Radical Yemeni cleric Anwar al-Awlaqi urged all Muslims serving in the US army to follow the example of Major Nidal Hasan who stands accused of killing 13 comrades, in an Internet video posted on Sunday.
"What Nidal Hasan did was heroic... and I call on all Muslims serving in the US army to follow his path," Awlaqi said in a video posted by Al-Qaeda in the Arabian Peninsula (AQAP) on jihadist websites, the US monitoring group SITE reported.
"Nidal Hasan is one of my students and I am honoured by that," he said in the video, whose authenticity could not immediately be verified.
Hasan, a US army psychiatrist, is accused of opening fire in November on colleagues at Fort Hood, Texas, killing 13 people in what Awlaqi described as "wonderful" action.
Hasan, who is of Palestinian origin, was "defending his nation" and killed American soldiers on their way to Afghanistan and Iraq, the cleric said.
The United States said on Sunday it was actively hunting Awlaqi.
"We are actively trying to find him and many others throughout the world that seek to do our country and to do our interests great harm," White House spokesman Robert Gibbs said.
"He has an agenda just like Al-Qaeda to strike targets in Yemen, throughout the world including here in the United States," Gibbs said on CBS's "Face the Nation" programme.
Awlaqi also defended Umar Farouk Abdulmutallab, the Nigerian student accused of a failed attempt to blow up a Detroit-bound passenger plane with explosives last Christmas.
The operation "was very successful even though it did not even kill anyone," he said.
"Those who were to be killed in the plane are nothing compared to... a million women and children in Palestine, Iraq and Afghanistan," whom he accused the US military of having killed.
"We must treat them the same way and attack them just like they've attacked us."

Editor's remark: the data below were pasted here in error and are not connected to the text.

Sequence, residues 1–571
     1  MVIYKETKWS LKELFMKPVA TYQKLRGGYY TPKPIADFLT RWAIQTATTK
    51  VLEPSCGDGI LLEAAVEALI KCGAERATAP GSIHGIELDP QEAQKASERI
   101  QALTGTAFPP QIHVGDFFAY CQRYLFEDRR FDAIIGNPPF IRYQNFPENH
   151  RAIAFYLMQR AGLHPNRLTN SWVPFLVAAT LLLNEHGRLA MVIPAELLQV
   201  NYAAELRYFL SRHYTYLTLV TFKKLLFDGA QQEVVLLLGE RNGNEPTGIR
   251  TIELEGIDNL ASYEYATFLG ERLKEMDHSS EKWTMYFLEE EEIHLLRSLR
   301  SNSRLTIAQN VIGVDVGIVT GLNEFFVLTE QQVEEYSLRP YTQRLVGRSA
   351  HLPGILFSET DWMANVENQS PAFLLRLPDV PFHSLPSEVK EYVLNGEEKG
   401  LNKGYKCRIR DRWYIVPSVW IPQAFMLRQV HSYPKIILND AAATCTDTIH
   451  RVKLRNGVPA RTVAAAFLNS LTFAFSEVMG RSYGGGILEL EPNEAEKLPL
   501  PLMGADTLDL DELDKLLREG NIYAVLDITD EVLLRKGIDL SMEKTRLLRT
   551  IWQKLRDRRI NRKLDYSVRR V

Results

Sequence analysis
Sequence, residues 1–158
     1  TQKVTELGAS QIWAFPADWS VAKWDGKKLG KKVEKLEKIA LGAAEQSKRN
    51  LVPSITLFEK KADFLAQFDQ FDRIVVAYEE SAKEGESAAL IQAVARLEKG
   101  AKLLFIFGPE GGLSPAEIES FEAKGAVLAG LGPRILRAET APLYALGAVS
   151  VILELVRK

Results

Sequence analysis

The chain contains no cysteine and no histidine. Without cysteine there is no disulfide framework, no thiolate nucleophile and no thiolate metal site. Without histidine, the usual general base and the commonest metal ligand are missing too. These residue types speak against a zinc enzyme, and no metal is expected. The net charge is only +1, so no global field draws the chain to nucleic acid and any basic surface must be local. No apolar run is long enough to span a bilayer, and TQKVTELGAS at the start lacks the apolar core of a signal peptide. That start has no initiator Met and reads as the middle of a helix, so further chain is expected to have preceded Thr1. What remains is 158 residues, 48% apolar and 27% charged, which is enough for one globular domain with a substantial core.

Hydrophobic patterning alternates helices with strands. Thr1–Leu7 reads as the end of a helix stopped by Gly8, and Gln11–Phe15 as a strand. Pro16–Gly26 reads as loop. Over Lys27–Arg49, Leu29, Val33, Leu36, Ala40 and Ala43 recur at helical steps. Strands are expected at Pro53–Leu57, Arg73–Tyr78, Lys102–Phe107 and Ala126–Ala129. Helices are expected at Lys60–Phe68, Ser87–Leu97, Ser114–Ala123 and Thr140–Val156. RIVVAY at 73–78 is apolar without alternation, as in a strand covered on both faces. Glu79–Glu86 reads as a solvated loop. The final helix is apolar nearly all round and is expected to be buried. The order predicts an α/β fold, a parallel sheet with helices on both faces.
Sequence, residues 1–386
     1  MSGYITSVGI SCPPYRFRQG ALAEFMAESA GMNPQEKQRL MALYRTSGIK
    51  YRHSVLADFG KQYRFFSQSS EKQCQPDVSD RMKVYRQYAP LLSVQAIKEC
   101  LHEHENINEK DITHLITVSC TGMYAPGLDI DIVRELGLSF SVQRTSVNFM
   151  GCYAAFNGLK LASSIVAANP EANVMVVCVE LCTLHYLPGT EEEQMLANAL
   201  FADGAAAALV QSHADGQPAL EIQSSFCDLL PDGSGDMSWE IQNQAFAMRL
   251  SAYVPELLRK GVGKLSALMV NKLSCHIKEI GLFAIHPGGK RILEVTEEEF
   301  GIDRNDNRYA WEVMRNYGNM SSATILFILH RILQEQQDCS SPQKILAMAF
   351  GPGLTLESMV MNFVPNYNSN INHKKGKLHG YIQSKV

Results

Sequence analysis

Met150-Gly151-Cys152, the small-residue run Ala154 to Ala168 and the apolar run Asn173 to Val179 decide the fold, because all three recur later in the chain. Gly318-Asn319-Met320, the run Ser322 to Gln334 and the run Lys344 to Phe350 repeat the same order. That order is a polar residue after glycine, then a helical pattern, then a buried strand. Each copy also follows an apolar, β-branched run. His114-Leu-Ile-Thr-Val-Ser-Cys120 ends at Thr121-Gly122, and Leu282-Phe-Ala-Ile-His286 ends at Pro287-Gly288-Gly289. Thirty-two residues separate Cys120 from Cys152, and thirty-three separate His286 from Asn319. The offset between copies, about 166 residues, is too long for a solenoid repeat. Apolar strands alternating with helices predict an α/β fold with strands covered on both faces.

The US-born cleric in his late 30s said that targeting American civilians is justified in that they "participated in the war because they have elected this (American) government."
US President Barack Obama's administration has authorised the targeted killing of Awlaqi, and Yemen's defence ministry said in April the authorities were tracking him for his alleged links to Al-Qaeda and "terrorist activities."
However, Awlaqi insisted he was safe in Yemen.
"It's not true that I'm being targeted... I am moving around between members of my tribe and in other parts of Yemen," he said, adding that "the Yemeni people hate Americans."
To Al-Qaeda, he said: "You in Al-Qaeda, your speech is that of dignity."
During the 45-minute video, Awlaqi also accused Sanaa of collaborating with Washington to attack Yemenis.
"Yemen is not occupied by the United States. Unfortunately, the situation is worse than that," he said. "The Yemeni government is now telling Americans: you occupy the air and seas and we will... provide the spies on ground who spy on Yemeni Muslims."
However, the preacher said that "Americans cannot launch a third campaign, after Iraq and Afghanistan because if they enter Yemen, their soldiers will be killed in our mountains, valleys, and deserts."
The Abyan region in former South Yemen has become a regrouping area for Islamist militants, including Arab veterans of the 1980s war in Afghanistan against Soviet occupation.
Yemen has intensified operations against the local Al-Qaeda franchise since December, with air strikes killing 34 suspected AQAP members on December 17 in an attack on an alleged training camp in Abyan.
The same number of militants were reportedly killed in another strike on December 24 which targeted a meeting of AQAP militants in Shabwa.
Yemen -- the ancestral homeland of Al-Qaeda leader Osama bin Laden -- has been the scene of several attacks claimed by the group on foreign missions, tourist sites and oil installations.